Moreover, for transgender teenagers who plan to transition in the future, puberty blockers can prevent the development of secondary sexual characteristics that can be difficult, costly, or impossible to reverse with later treatments.


Are Puberty Blockers Safe?

Puberty blockers have been used for decades to treat precocious puberty (early onset puberty) and are generally considered safe. They are endorsed by major medical organizations such as the Endocrine Society and the American Academy of Pediatrics.


However, like all medications, they do have potential side effects. These can include hot flashes, weight gain, and mood changes. There is also ongoing research on the potential impact of puberty blockers on bone density. It is essential to have these discussions with a knowledgeable healthcare provider to weigh the benefits against potential risks.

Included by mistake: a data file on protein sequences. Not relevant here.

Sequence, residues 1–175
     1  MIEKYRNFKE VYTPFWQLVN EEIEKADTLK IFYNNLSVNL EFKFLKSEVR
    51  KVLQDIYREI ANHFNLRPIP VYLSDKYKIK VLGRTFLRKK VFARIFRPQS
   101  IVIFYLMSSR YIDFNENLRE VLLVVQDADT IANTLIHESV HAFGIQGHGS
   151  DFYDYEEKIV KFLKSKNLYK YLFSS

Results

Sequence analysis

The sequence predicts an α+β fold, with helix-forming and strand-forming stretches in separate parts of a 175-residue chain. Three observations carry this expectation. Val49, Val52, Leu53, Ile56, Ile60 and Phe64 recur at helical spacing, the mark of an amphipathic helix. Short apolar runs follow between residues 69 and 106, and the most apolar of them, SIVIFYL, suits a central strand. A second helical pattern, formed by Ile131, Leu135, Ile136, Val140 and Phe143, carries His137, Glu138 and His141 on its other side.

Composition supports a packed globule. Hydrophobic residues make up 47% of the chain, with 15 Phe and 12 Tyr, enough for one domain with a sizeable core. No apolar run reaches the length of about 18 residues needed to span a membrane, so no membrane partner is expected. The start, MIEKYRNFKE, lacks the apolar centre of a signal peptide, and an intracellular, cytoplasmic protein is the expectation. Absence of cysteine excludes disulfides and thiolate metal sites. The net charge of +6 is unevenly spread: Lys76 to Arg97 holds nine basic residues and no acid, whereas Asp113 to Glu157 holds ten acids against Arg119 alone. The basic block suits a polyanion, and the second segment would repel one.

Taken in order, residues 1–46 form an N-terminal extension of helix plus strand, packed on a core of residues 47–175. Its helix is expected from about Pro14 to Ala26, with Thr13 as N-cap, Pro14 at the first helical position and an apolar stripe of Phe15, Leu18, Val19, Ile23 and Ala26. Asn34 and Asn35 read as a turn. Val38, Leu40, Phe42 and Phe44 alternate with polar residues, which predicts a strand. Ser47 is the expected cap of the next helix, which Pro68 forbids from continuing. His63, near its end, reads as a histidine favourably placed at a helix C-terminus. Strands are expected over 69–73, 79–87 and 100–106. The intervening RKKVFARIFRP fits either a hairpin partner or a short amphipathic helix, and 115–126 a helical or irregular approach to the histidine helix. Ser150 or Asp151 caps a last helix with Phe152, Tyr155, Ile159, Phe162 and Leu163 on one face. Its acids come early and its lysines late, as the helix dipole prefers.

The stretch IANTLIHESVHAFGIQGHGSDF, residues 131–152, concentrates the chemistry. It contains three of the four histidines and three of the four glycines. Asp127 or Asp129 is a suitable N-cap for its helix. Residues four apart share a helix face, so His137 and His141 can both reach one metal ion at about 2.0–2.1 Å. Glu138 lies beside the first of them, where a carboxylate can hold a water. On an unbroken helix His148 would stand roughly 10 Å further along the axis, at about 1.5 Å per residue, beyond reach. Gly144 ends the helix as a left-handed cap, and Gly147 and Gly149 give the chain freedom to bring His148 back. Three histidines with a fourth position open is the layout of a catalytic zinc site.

The Controversy Surrounding Puberty Blockers

Despite the supportive medical consensus, there is controversy around the use of puberty blockers for transgender youth, primarily arising from social, political, and ethical concerns. Critics argue that adolescents are too young to make such significant decisions about their bodies. Others believe that puberty blocking therapy might encourage young people to identify as transgender.


It is important to note that, according to guidelines from the Endocrine Society and the World Professional Association for Transgender Health (WPATH), the administration of these treatments should always be preceded by thorough psychological evaluation and counseling. The decision to start on puberty blockers is not taken lightly and involves the young person, their family, and a team of medical and mental health professionals.